Subtype-specific breast cancer copy number landscapes

In order to identify both known and novel genetic drivers of breast cancer on the DNA copy number level, we developed a multi-step and multi-platform computational strategy (Fig. 1). This strategy is predicated on using a “cross-species” comparative genomics approach where we searched for spontaneous copy number events across two different species (human and mouse). For this study, we created a new murine genomic resource of 73 mammary tumors profiled by both gene expression and DNA copy number microarray data (GSE52173); this new resource complements our human data set that contains 644 human breast tumors that have both gene expression and DNA copy number data (GSE52173 and

We began using gene expression data to identify subtypes, separately for human tumor samples and GEM mammary models. For clarity, we refer to the classification of mouse tumors as “groups” to distinguish them from human classes that are termed “subtypes”. Using the PAM50 [8] algorithm and the Claudin-low predictor [9] we assigned each of the human tumor samples within the dataset to a specific intrinsic breast cancer subtype (Table 1). However, since there is no established expression-based classifier for mouse mammary tumors, we performed a supervised hierarchical cluster analysis of the murine mRNA expression data using the Herschkowitz et al. 2007 intrinsic mouse list of 866 genes. SigClust [17] analysis was used to identify 7 significant mouse groups (Supplemental Fig. 1), which were given a unique group name based on the majority mouse model contributor in that group (i.e., Myc, Neu/PyMT, Wnt1, C3Tag, Mixed, p53null-Basal, and p53null-Luminal). The “Mixed” mouse group lacked a single dominant mouse model contributor, however, this group comprised mouse tumors that all demonstrate the previously described Claudin-low gene expression features [18, 19], and hence forth this mouse group is referred to as “ClaudinLow”.

To identify subtype-specific, and mouse group-specific regions of DNA copy number gains and/or losses we developed a new bioinformatics visualization tool called SWITCHplus. Applying this tool to the mouse dataset identified group-specific DNA copy number changes for each of the seven expression-defined groups (Fig. 2). These results suggest that most mouse groups are characterized by numerous DNA copy number changes, many of which are specific to a given model/group (Supplemental Table 4). However, by comparing the copy number landscape between mouse groups, we also identified CNAs that were present in multiple models (Fig. 2; Supplemental Table 4), which can be considered as common CNAs of murine mammary oncogenesis. Therefore, these data support the notion that common spontaneous events may occur within different GEM mammary models irrespective of the initiating genetic event (i.e., transgene). Consistent with previous work, we identified multiple GEM mammary p53null groups based on gene expression patterns [18, 19]. Interestingly, these p53null groups demonstrated not only differences in mRNA expression patterns, but also exhibited differences in the DNA copy number landscapes (Fig. 2c, d). Additionally, we noticed that the p53null-Luminal, p53null-Basal, and C3Tag groups contained more group-specific CNAs than any of the other mouse groups (Supplemental Table 4); this observation is likely due to the loss of TP53 in these three groups. On average, each mouse group exhibited nearly twice the number of group-specific copy number gains versus losses.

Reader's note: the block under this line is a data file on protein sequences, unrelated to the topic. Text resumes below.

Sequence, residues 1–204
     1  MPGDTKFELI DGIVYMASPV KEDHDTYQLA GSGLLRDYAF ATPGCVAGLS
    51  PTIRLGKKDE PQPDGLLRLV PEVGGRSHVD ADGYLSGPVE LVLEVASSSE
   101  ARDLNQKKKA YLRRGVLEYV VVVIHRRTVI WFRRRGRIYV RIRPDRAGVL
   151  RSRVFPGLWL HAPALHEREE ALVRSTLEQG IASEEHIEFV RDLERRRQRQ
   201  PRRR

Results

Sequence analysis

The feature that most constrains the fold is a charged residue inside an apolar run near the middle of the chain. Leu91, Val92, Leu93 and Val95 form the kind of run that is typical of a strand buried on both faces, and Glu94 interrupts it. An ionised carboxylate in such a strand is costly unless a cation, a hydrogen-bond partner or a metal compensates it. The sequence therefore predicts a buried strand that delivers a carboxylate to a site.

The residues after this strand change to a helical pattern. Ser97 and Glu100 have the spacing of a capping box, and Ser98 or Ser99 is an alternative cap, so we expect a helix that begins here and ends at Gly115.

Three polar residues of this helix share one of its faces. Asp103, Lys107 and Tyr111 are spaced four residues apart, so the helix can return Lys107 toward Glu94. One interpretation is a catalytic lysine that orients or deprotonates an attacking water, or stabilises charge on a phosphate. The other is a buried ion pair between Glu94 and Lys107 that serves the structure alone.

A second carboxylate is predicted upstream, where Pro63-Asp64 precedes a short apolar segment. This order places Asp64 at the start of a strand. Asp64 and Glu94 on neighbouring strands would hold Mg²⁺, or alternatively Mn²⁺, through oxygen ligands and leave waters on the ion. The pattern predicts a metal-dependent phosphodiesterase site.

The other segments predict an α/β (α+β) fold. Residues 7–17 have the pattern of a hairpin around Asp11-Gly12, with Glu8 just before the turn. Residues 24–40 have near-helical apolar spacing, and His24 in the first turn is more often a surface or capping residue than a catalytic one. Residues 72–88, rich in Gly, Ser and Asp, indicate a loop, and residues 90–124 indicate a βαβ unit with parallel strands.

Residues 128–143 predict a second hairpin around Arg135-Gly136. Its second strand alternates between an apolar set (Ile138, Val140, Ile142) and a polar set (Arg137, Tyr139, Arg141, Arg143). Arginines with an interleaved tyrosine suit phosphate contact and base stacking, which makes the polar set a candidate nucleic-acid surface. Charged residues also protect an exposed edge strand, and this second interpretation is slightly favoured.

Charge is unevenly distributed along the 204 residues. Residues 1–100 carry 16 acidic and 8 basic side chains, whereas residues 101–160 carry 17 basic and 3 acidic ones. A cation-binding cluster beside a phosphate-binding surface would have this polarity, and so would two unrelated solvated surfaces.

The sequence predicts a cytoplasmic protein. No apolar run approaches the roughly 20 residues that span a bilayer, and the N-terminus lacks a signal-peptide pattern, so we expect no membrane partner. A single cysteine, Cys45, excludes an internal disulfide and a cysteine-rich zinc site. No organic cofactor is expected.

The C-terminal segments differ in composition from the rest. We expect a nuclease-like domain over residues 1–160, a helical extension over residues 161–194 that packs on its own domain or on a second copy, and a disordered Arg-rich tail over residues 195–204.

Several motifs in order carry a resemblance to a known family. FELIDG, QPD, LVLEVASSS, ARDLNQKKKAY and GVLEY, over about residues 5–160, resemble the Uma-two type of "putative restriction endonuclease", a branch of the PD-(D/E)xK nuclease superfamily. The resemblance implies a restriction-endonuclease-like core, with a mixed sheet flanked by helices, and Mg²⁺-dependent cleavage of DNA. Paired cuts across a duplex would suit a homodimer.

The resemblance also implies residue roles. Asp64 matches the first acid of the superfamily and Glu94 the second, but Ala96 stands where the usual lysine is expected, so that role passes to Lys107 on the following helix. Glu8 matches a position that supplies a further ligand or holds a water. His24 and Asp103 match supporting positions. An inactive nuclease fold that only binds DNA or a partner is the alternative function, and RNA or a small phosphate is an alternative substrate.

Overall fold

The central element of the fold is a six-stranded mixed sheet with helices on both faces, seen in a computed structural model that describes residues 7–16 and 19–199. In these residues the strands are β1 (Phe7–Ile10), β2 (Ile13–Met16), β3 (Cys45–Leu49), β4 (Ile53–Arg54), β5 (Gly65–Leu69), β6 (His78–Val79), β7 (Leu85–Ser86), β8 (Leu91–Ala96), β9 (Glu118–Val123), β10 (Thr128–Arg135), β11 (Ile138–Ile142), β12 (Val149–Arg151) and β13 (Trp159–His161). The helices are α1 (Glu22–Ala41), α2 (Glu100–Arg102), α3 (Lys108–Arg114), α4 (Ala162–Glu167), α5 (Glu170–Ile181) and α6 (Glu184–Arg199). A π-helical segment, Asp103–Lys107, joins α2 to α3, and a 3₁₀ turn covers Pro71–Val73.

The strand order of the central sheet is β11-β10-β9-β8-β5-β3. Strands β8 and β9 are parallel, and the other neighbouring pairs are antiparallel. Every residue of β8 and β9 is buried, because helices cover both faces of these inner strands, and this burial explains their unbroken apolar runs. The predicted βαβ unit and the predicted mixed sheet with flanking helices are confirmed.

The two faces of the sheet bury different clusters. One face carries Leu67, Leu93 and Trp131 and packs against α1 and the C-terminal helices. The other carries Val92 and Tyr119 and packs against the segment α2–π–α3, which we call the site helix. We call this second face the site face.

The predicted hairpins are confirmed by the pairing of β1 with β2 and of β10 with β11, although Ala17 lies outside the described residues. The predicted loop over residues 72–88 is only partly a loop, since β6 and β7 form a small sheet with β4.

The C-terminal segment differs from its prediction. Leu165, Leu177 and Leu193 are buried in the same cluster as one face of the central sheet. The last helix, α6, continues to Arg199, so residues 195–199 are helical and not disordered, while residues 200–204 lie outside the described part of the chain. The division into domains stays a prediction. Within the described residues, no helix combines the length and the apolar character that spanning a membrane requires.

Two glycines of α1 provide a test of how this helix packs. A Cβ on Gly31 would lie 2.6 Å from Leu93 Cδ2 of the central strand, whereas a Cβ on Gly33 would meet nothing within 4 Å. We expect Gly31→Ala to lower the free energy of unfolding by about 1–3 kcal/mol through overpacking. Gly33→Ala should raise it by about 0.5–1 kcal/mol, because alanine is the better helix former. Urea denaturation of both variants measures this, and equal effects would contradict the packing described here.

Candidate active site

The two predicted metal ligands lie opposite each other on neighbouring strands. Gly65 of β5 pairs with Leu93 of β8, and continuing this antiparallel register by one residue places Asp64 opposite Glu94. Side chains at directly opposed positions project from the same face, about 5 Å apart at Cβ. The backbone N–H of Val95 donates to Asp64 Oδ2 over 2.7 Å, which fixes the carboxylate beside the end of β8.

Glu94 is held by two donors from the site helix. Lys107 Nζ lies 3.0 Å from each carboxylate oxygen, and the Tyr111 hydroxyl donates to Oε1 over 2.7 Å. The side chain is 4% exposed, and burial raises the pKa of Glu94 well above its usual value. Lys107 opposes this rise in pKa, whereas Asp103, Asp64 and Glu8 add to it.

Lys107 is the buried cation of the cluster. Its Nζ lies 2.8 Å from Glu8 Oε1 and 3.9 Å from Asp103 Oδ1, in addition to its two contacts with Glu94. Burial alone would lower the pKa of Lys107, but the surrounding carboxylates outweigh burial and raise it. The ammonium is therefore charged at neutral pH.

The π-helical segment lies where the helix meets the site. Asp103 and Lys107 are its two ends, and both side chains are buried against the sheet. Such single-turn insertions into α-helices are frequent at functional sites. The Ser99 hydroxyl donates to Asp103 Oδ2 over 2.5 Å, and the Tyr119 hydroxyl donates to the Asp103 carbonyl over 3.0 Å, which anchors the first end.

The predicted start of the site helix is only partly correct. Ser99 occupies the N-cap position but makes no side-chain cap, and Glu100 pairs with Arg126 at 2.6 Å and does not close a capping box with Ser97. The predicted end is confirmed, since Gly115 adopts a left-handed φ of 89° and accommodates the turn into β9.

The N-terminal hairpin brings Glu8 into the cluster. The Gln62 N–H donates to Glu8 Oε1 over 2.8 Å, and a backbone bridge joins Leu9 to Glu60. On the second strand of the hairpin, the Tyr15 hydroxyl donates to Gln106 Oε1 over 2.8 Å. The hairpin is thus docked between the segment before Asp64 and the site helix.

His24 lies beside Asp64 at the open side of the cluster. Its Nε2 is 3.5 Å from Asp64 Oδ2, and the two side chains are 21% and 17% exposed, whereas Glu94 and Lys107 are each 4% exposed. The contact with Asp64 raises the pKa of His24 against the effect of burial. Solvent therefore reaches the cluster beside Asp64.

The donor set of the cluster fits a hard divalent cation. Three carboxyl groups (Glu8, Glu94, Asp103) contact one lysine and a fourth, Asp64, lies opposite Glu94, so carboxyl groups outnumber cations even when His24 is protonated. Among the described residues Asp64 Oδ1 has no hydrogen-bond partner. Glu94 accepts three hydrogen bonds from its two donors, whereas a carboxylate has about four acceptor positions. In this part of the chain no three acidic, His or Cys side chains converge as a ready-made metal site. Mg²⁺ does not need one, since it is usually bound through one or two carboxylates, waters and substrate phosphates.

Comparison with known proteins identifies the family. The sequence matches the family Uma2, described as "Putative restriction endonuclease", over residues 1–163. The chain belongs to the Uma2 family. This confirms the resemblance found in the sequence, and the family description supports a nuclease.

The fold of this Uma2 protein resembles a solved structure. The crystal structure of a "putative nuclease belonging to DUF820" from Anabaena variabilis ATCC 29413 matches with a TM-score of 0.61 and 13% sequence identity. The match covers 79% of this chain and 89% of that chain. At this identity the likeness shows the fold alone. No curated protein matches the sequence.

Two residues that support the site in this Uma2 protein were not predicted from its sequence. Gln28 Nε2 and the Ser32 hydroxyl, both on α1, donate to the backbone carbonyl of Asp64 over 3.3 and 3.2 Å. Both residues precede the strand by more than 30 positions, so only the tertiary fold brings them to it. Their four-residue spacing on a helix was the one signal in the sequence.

Fig. 2

Copy number frequency landscape plots from SWITCHplus showing mouse group-specific CNAs. Segments of group-specific copy number gains are plotted above the x-axis in red and segments of copy number loss are plotted below the x-axis in green. Regions shaded gray indicate segments that are not group-specific or highly frequent (greater than or equal to 15 %). The frequency of alterations in each mouse group is indicated on the y-axis from 0 to 100 %. a C3Tag, b Neu/PyMT, c p53null-Basal, d p53null-Luminal, e Myc, f Wnt1, and g Claudin-Low copy number landscapes